Maybe they’d get some popularity out of it which might get them a job or funding for their project, but they wouldn’t expect to make any money directly from their invention.

The other side of the coin is that not all inventions are cheap and easy to create. Like drugs from pharmaceutical companies, sometimes a lot of R&D goes into inventing something, and this could not be produced by a handful of volunteers willing to give their ideas away.

So what we’d end up with is something different that would work better in some cases, and worse in others. Simpler ideas would be picked up by quick manufacturers and brought to market more quickly. And complex and difficult ideas just wouldn’t happen, or would take a lot lot longer as the ideas were slowly grown over a long periods of people standing on the shoulders of their predecessors.

There is also the argument that people who find no value in patents aren’t creative and have never had an idea worth protecting and therefore would only gain by getting rid of the patent system.


Gotta Get Git

June 8th, 2015

I think I finally get git. I did my first rebase today and I understood what it was doing, and it did what I wanted.

Feeling confident in my understanding of git, and my slight understanding of github, I feel the need to point out a funny little thing I noticed about the brave new world of source control management we all seem to have entered into.

In the good old days, you had version control like cvs or svn.
Everybody checked out, made changes and checked in, if somebody got their changes in before you, you had to merge the updates and commit again. If there was a merge conflict, it was your problem. You had to fix it before you committed.

This spread the responsibility of doing the merging around to everybody and I guess it was unfair in that if you were slower, or committed less often, you had to do more merging. But that’s how it was, erm… still is to some people.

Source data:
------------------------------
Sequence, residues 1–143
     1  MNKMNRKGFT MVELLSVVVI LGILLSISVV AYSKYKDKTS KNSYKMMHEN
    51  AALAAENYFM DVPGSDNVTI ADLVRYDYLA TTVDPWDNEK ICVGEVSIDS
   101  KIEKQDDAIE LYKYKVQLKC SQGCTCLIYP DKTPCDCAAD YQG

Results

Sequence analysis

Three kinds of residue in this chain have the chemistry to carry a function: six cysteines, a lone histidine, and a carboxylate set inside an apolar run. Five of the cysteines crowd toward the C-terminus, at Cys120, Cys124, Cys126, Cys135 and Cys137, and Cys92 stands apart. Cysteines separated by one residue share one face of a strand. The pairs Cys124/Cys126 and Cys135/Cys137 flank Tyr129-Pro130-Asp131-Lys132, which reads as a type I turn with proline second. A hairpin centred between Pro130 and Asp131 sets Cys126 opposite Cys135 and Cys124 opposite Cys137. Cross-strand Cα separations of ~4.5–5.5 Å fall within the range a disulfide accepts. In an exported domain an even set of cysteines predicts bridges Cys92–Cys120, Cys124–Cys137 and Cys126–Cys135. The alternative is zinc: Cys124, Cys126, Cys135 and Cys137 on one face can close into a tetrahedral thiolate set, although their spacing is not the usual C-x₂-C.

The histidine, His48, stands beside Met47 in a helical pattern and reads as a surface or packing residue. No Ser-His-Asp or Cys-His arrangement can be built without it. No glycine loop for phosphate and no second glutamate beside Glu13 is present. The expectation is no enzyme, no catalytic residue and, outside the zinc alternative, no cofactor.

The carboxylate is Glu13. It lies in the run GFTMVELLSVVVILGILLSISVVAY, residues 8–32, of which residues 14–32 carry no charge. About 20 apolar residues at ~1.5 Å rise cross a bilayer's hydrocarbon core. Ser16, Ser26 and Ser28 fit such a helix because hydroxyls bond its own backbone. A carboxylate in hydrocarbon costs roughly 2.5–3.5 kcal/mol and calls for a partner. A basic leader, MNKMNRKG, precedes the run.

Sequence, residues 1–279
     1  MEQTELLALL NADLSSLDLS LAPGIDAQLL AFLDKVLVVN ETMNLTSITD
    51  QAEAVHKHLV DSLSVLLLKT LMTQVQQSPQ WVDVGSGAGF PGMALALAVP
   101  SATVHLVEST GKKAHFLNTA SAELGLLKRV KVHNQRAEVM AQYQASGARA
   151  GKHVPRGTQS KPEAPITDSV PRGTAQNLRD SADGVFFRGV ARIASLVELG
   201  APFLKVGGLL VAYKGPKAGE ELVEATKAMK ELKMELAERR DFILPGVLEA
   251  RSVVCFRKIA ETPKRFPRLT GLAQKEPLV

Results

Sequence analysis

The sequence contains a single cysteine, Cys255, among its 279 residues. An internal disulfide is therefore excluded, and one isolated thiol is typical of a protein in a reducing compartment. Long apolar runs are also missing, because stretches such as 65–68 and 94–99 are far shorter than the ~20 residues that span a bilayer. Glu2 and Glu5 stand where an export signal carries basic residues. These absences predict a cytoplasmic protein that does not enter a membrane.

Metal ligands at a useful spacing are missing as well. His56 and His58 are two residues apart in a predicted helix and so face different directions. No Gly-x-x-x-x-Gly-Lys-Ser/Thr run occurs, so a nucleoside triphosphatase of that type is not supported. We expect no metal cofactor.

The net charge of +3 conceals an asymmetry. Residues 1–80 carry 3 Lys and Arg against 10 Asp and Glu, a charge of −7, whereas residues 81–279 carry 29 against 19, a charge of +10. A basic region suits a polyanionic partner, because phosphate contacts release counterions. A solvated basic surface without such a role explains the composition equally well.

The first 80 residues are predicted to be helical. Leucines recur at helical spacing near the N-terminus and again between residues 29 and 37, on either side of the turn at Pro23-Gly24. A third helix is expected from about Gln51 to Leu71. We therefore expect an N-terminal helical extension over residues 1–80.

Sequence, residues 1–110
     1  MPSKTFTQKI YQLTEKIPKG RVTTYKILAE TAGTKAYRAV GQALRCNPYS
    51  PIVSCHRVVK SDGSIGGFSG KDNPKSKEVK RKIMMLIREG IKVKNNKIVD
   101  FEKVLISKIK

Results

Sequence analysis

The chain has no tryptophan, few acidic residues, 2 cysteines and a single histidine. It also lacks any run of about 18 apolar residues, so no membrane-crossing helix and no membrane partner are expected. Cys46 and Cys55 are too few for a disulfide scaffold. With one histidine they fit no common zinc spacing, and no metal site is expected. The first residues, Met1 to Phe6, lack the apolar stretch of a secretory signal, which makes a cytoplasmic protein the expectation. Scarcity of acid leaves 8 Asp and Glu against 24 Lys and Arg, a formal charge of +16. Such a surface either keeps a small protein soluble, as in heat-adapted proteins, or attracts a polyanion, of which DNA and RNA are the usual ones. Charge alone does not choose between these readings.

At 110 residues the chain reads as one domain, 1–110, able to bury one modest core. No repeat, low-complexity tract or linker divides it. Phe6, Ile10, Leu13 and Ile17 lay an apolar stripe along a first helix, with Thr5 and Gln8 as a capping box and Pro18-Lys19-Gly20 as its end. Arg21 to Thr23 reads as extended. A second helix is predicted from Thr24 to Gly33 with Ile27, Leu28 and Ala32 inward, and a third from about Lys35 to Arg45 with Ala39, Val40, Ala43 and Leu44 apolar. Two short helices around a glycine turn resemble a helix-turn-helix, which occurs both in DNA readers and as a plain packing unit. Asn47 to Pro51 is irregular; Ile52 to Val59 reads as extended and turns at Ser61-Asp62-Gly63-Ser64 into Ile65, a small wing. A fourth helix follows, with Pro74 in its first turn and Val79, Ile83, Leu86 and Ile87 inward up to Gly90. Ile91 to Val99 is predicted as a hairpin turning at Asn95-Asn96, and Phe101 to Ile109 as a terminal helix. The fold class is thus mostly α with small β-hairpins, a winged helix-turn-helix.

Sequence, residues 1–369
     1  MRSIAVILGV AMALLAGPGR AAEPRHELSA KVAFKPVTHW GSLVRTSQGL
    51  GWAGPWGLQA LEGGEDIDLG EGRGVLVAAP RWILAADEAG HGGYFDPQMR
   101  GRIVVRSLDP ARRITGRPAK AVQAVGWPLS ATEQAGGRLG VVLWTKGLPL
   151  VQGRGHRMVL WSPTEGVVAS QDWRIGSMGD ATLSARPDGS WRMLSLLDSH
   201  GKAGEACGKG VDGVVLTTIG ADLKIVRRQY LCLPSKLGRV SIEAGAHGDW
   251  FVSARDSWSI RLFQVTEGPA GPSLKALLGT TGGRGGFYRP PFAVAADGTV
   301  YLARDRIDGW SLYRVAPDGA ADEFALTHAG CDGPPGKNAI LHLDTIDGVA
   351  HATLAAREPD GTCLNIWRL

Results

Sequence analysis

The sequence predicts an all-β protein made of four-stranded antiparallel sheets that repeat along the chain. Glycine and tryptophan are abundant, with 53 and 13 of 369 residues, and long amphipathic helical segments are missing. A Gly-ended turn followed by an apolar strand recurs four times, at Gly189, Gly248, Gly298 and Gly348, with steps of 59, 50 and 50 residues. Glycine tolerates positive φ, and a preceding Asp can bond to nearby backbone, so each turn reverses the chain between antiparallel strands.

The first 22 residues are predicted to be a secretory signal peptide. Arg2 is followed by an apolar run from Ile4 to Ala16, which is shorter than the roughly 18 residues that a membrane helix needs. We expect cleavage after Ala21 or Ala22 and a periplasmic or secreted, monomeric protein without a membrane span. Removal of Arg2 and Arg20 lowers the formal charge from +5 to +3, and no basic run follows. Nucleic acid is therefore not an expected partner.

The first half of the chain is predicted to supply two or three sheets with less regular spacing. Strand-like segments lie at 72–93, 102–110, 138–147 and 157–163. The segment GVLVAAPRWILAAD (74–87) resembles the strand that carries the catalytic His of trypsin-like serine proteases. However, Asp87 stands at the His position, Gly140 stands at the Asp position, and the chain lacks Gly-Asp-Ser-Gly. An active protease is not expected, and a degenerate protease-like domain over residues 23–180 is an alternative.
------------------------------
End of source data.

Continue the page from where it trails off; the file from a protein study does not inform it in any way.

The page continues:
In short, you checked out, you did work and you checked in. Everybody played nice, you tried not to break anything and the build ran off HEAD in the repository.

Git is actually very cool, but I think it is overkill. Mercurial I also found out about, is a happy medium, it gives you all the cool parts of git without having gone overboard the way git does, but that’s just my goldilocks opinion.

Git is the cool source control management system of the decade, and ‘github’ is the new way of working.

So this is what I noticed:

1) check out
2) make changes
3) check in.

git + github.
1) fork project
2) clone your copy of the project
3) check out from your local repository to your work directory
4) make changes
5) add changed files to list of things to commit
6) commit changes to your local repository (admittedly this can be done in one step, but it is actually 2 steps)
7) push changes from your local repository to your forked repository on github.
8) open a pull request to the owner/project manager of the original project you forked, where they will then pull the changes from your forked repository to the main repository.

I think we can safely call this ‘progress’.

I think the oddest thing about this new process, is that svn used to tell you when you tried to commit that you had to update and merge changes first.
The github way, github will mention that your changes will or won’t merge cleanly, but that doesn’t stop you from submitting a pull request.
So the effort of not accepting your pull request becomes the problem of a human (the owner of the project who got the pull request) whereas it used to be a computer that did it.
I don’t know github that well, maybe it’s configurable not to allow pull requests if the merge won’t be clean, but if not, the making-the-human-part-of-the-process seems to be a step backwards.

I realize that github now gives the project owner the flexibility of not accepting changes they don’t want, but, I dunno, where I come from, we’re all supposed to be working on the same team.

Maybe that’s the core difference between the open source environment and the corporate environment: you can ignore the work of open sourcers, after all, you’re not paying them anyway.